Sylvia has immense energy and commitment to making life better for people in her community, and helping and supporting others, through the library service and her other voluntary activities in the area. In addition to her pivotal role in Suffolk Libraries, Sylvia is a trustee for the Friends of Bungay Library and was a town councillor, serving as Bungay Mayor 2014/15; also a trustee of Bungay Town Trust, serving as Town Reeve 2018/19.
Hilary Marshall. Past Treasurer, The Association of Senior Children’s and Educational Librarians (ASCEL).
Hilary Marshall has been at the heart of children’s library services in Derby and Derbyshire for nearly 40 years. She is a passionate advocate of children’s library services, and has led her team with exceptional energy and enthusiasm. Hilary has worked hard to ensure that the needs of children have been properly reflected in the various new libraries that the City Council has built since 2009.
During her tenure she has overseen various innovations including the introduction of Homework Clubs and Code Clubs across many Derby libraries, to meet local needs and develop skills. She also managed a very successful Bookstart programme, a smooth transition from traditional storytimes to rhyme-times, and a series of successful Summer Reading Challenges.
She has also had a huge impact nationally through her tireless and selfless voluntary work as a board member, and also Treasurer, of the Association of Senior Children’s and Educational Librarians (ASCEL). This provided a platform for her to share her knowledge and insights with colleagues in other authorities
Chris Garnsworthy. Lately Community Library Services Manager, London Borough of Hackney.
Chris Garnsworthy championed the Hackney home library service, helping those who have been housebound due to illness or age, and those in the local hospital and hospice. Throughout his career he went above and beyond to champion Hackney’s scheme, and connect people delivering similar schemes across the county to share good practice and improve services.
Hackney Libraries home visit service is the largest in London and recently celebrated its 70th anniversary. Having been involved in this service for 28 years, Chris had a positive impact on the service, winning a nationally acclaimed WOW! award for excellence in customer service in 2017. He oversaw many changes, including the introduction of electric vehicles to the service in 2017 Chris set up and took part in a Reading Group for housebound people and was the driving force behind a Dementia Friendly jigsaw project in Hackney, which was launched in May 2019. Fifteen bespoke Hackney designs were made into jigsaws for those with medium to advanced dementia. Since the launch, the service has been contacted from around the UK and beyond, with organisations and individuals asking for details on how to replicate the project using their own designs.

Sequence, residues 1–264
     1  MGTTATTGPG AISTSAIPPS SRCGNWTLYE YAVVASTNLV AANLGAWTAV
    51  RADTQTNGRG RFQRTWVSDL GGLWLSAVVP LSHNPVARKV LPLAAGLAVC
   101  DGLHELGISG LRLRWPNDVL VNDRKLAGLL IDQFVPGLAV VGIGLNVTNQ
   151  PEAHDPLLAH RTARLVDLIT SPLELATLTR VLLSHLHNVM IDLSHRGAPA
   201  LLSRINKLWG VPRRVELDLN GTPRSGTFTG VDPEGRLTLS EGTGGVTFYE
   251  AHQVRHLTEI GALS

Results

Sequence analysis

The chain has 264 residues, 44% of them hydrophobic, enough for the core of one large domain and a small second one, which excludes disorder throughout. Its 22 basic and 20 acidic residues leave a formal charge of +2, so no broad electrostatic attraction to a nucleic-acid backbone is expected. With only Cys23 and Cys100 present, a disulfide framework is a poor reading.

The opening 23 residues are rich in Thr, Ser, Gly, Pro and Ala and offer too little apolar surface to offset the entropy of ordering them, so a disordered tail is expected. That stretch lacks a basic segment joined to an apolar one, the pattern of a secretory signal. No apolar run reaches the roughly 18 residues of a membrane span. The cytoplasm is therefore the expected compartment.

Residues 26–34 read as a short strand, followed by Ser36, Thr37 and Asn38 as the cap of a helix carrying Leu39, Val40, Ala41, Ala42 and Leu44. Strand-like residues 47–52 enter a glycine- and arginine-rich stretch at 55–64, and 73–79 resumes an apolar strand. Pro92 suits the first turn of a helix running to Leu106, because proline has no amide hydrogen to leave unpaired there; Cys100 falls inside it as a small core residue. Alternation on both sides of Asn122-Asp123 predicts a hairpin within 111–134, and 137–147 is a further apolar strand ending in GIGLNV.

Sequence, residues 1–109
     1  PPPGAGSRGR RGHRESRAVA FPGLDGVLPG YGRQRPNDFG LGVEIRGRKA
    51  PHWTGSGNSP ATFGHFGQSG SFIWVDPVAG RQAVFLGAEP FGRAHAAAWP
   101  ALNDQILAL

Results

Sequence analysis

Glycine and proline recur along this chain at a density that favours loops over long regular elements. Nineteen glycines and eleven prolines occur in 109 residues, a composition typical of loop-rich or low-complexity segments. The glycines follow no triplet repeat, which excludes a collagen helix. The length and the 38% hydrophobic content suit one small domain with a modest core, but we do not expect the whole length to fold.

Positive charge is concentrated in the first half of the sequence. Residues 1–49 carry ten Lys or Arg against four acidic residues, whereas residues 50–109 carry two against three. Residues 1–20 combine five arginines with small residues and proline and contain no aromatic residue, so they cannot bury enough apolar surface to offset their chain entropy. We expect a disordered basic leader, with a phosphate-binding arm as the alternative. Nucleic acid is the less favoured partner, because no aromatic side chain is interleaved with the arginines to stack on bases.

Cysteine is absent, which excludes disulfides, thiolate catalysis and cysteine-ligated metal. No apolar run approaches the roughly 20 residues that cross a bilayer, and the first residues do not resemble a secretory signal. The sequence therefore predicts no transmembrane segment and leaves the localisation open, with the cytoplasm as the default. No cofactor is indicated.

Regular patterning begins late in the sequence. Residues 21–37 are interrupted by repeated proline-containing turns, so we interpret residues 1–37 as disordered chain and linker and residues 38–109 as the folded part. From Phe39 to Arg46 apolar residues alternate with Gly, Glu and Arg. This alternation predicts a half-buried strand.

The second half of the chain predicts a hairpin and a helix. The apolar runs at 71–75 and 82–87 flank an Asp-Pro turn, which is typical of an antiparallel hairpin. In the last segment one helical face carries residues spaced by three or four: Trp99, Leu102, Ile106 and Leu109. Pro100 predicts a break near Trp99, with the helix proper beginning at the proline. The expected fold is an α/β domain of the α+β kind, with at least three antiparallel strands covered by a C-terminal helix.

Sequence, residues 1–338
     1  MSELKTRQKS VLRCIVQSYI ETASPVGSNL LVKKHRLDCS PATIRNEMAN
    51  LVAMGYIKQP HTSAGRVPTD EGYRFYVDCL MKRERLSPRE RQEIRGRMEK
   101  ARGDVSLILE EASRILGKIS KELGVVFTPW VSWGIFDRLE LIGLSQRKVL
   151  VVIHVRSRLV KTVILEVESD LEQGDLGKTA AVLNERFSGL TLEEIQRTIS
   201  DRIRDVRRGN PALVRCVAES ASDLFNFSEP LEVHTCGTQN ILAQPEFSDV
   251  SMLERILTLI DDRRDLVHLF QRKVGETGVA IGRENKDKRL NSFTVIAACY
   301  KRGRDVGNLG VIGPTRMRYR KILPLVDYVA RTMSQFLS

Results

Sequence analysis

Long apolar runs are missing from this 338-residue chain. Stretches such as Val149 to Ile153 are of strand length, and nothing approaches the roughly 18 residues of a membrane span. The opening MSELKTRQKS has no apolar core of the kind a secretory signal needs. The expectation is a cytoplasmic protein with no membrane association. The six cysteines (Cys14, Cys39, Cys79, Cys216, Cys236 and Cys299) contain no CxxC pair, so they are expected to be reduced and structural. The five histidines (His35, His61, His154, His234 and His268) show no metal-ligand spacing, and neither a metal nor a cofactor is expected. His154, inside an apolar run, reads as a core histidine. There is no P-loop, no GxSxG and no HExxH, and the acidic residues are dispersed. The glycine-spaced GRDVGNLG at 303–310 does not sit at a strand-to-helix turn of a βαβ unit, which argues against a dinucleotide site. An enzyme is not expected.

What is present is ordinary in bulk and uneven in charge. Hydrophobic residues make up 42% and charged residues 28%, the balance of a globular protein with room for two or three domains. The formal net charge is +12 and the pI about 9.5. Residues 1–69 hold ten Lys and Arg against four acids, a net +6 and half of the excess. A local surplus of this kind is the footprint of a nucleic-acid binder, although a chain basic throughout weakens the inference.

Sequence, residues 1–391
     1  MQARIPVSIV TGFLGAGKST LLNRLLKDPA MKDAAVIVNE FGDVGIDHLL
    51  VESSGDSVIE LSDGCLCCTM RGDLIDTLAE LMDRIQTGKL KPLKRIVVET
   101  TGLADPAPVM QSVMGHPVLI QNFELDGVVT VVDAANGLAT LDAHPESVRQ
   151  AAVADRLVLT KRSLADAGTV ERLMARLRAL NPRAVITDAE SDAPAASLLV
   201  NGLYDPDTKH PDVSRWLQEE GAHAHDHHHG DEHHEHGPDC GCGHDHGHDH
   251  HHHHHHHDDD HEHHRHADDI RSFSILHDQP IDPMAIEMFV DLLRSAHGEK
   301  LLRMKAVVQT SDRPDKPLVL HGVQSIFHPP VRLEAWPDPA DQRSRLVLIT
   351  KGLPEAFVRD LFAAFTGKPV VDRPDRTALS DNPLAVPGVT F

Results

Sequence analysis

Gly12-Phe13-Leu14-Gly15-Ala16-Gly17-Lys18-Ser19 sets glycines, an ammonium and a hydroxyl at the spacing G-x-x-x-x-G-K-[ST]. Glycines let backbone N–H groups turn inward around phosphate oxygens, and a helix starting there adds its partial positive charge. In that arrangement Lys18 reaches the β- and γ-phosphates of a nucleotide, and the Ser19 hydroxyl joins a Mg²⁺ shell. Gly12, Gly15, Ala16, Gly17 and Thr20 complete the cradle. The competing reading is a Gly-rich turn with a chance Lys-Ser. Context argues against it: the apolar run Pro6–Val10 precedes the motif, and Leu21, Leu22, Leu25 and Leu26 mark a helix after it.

Chris has spoken at conferences in the UK, as well as in America and Canada, about providing home visit services. He was also instrumental in setting up and running the first ever UK conference dedicated to home library services in October 2019, which saw attendees coming to Hackney from all over the country to learn and share ways to deliver these services.
Congratulations also to Stephen Bleakley, former Libraries NI Area Manager who received an MBE.
Nominate somebody for an Honour
There are so many people at all levels across the libraries sector that do great things; on the frontline and volunteering, as well as those in senior positions.
The Honours process provides a great opportunity to recognise outstanding individual achievements. There are many people in the United Kingdom who are committed to making a significant positive difference to the lives of other people. This could be through volunteering in the local community or enhancing the UK’s reputation through excellence in their chosen field. Through the Honours process, these individuals are awarded and celebrated.
If you know of someone who you would like to nominate for a national honour we would love to hear from you.
We are looking for candidates who have:
- Made a real impact in their community or workplace.
- Exemplified the very best sustained and selfless voluntary service.
- Gained the respect of their peers.
- Changed things for the better.
- Demonstrated innovation or entrepreneurship.
- In reflection of our diverse society, we would encourage nominations for female candidates and under-represented groups such as BAME, LGBTQ+ and disabled people.
Information on how to submit a nomination can be found on GOV.UK.